A total of 3,431 persons were arrested for robbery during 2004. A 
breakdown of persons arrested for robbery was 93 percent male, 7 
percent female, 34 percent juvenile, 74 percent black, 25 percent 
white and less than 1 percent consisting of American Indian and 
Asian. 

DISTRIBUTION BY NATURE 



Classification 



Number of 
Offenses 



Percent of 
Distribution 



Total 




Value 




4,422, 


,760 


3,767, 


.819 


415, 


,982 


145, 


,628 


3,495, 


,579 


1,275, 


,199 


1,626, 


,020 


15,148, 


,987 



Highway 


6,240 


49% 


Commercial House 


2,357 


18% 


Service Station 


377 


3% 


Convenience Store 


472 


4% 


Residence 


1,892 


15% 


Bank 


253 


2% 


Miscellaneous 


1,170 


9% 


Total 


12,761 


100% 



28 



ROBBERY 

Total Number of Robbery 



25.000 



20,000 



15.000 



10,000 



5,000 



- -y-'i' 'i' V I r I T "T ■■[■• ■■!■ — T 

1975 1980 1985 



1990 



t' t' t 't' 'l 



Robbery Rate per 100,000 Population 



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400.0 



300.0 - 



200.0 



100.0 



0-0 \ I \ [—^ \ I — rn — \ — rn — \ — \ — rn — \' t 'i — i" "r t -\' t t 'i — m 

1975 1980 1985 1990 1995 2000 



29 



Robbery by County 





2004 


2003 


2002 


2001 


2000 


5 Year 
Average 


Allegany 


27 


31 


22 


29 


21 


26 


Anne Arundel 


767 


753 


754 


736 


646 


731 1 


Baltimore 


1,565 


1,611 


1,705 


1,728 


1,587 


1,639 


Baltimore City 


4,085 


4,364 


4,764 


5,762 


6,634 


5,122 


Calvert 


13 


16 


17 


24 


17 


17 


Caroline 


10 


10 


22 


25 


10 


15 


Carroll 


48 


39 


50 


52 


58 


49 


Cecil 


60 


54 


43 


45 


50 


50 


Charles 


159 


152 


186 


135 


130 


152 


Dorchester 


15 


23 


28 


22 


17 


21 


Frederick 


177 


118 


148 


134 


119 


139 


Garrett 


2 


1 


1 


4 





2 


Harford 


214 


248 


237 


191 


167 


211 


Howard 


224 


225 


218 


199 


166 


206 


Kent 


8 


10 


16 


10 


14 


12 


Montgomery 


856 


1,076 


977 


895 


813 


923 


Prince George's 


4,100 


4,148 


4,056 


3,916 


2,937 


3,831 


Queen Anne's 


13 


15 


14 


8 


15 


13 


St. Mary's 


32 


38 


32. 


12 


21 


27 


Somerset 


21 


18 


7 


12 


16 


15 


Talbot 


30 


10 


13 


19 


14 


17 


Washington 


88 


107 


111 


89 


68 


93 1 


Wicomico 


205 


172 


187 


166 


132 


172 


Worcester 


42 


63 


78 


37 


52 


54 


* Statewide Agencies 








1 


2 


3 


1 


State Total 


12,761 


13,302 


13,687 


14,252 


13,707 


13,542 



30 



AGGRAVATED 
ASSAULT 



AGGRAVATED ASSAULT 



Aggravated assault is an unlawful attack by one person upon another 
for the purpose of inflicting severe or aggravated bodily injury. 

VOLUME AND RATE 

During 2004, a total of 24,339 aggravated assaults were reported, 
this represents a 3 percent increase over 2003. Aggravated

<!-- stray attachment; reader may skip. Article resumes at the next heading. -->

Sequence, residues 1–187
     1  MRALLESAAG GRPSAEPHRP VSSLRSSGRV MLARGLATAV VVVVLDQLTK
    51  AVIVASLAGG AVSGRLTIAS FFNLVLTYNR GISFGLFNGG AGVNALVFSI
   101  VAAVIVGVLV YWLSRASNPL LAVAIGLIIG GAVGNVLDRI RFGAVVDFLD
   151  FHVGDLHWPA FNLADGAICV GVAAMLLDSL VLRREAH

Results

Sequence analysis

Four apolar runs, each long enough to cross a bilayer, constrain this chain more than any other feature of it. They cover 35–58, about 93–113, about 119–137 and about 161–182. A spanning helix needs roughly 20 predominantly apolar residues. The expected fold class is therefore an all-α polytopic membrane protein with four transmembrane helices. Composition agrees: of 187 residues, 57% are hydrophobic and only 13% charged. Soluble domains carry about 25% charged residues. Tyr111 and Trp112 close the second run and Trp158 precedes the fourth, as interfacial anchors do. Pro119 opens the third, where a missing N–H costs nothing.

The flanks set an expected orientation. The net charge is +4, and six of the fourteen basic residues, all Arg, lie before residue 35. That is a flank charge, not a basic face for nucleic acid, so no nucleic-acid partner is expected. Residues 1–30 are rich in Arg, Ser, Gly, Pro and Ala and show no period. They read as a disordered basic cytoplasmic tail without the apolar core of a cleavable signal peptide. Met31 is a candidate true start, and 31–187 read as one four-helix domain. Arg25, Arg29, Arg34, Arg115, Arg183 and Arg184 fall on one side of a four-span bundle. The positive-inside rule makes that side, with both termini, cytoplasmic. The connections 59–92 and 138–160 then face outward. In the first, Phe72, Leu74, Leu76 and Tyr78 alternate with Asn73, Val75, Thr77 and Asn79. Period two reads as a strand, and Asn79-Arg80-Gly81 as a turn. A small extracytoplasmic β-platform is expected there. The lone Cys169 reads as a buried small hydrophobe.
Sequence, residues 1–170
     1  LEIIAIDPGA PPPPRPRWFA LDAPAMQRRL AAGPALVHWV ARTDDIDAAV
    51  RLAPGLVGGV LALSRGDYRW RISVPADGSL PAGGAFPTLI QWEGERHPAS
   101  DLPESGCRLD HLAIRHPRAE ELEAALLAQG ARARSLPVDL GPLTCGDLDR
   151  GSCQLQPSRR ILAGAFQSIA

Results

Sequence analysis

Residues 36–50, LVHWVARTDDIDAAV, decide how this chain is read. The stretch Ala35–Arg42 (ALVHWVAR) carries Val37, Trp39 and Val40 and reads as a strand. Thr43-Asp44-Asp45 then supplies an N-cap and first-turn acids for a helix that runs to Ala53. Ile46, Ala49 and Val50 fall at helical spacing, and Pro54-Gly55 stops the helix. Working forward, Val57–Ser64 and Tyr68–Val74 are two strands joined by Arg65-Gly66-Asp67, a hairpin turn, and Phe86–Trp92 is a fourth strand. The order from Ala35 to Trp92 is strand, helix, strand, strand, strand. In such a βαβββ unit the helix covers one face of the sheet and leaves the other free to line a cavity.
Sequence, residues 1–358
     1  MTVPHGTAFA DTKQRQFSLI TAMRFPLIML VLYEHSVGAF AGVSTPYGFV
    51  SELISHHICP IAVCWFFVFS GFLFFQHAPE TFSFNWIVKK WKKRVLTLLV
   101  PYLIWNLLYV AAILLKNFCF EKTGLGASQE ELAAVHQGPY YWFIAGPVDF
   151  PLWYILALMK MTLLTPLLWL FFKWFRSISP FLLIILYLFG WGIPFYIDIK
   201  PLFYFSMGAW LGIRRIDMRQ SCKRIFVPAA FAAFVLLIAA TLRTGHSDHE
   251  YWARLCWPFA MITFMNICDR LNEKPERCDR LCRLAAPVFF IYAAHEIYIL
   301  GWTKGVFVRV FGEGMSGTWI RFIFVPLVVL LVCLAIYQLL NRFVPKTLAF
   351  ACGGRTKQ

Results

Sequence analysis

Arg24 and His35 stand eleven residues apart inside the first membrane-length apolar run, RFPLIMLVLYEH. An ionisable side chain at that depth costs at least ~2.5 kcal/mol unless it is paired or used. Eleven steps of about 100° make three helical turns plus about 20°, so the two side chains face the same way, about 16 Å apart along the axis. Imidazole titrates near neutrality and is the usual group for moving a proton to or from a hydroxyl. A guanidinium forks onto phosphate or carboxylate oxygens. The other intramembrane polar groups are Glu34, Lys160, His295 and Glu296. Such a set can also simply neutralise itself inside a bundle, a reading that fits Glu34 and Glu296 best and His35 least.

assaults accounted for 63 percent of the violent crime category and 
10 percent of the crime index. In 2004, there were 437.9 
aggravated assaults per 100,000 population. 



There were 61,829 simple assaults reported in 2004 for a total of 
86,168 aggravated and simple assaults. 



ANALYSIS OF ASSAULT 

During 2004, 14 percent of the aggravated assaults were with 
firearms, 21 percent with a knife or cutting instrument, 43 percent 
with other weapon and 22 percent with personal weapons; hands, 
fist, feet, etc. 

In 2004, 15,133 aggravated assaults were cleared with 15 percent of 
these clearances involving only juvenile offenders. 

A total of 8,018 persons were arrested for aggravated assault 
during 2004. A breakdown of persons arrested for aggravated 
assault was 77 percent male, 23 percent female, 26 percent 
juvenile, 54 percent black, 45 percent white and less than 1 
percent consisting of American Indian and Asian. 

5 YEAR TREND 























5 Year 
















Average 


2004 


2003 


2002 


2001 


2000 


Firearm 


3,551 


3,389 


3,352 


3,744 


3,553 


3,715 


Knife 




5,124 


5,176 


4,931 


5,330 


4,970 


5,215 


Other 




10,981 


10,402 


10,179 


11,465 


11,876 


10,983 


Hands, 


etc. 


5,862 


5,372 


5,131 


6,170 


6,349 


6,288 


Total 




25,518 


24,339 


23,593 


26,709 


26,748 


26,201 



32 



AGGRAVATED ASSAULT 

Total Number of Aggravated Assault 



30,000 



25.000 



20.000 



15,000 



10.000 



5,000 



1980 



1985 



1990 



T 
1995 



2000 



Aggravated Assault Rate per 100,000 Population 



600 



500 



400 



300 



200 



100 



i I I i 
1975 1980 



1985 1990 



m 



1995 



2000 



33 



Aggravated Assault by County 





2004 


2003 


2002 


2001 


2000 


5 Year 
Average 


Allegany 


275 


208 


187 


268 


224 


232 


Anne Arundel 


2,403 


2,633 


2,742 


2,932 


2,610 


2,664 


Baltimore 


4,388 


4,356 


4,589 


4,576 


4,340 


4,450 


Baltimore City 


7,199 


6,385 


8,667 


8,520 


8,774 


7,909 


Calvert 


204 


292 


331 


291 


283 


280 


Caroline 


124 


126 


152 


123 


195 


144 


Carroll 


320 


321 


305 


268 


338 


310 


Cecil 


351 


381 


357 


384 


389 


372 


Charles 


540 


579 


642 


592 


532 


577 


Dorchester 


109 


113 


169 


173 


157 


144 


Frederick 


656 


675 


691 


787 


732 


708 


Garrett 


52 


38 


41 


17 


39 


37 


Harford 


623 


657 


554 


453 


419 


541 


Howard 


344 


271 


210 


277 


293 


279 


Kent 


47 


61 


66 


43 


41 


52 


Montgomery 


1,037 


1,015 


950 


912 


871 


957 


Prince George's 


3,649 


3,439 


4,007 


3,974 


4,172 


3,848 


Queen Anne's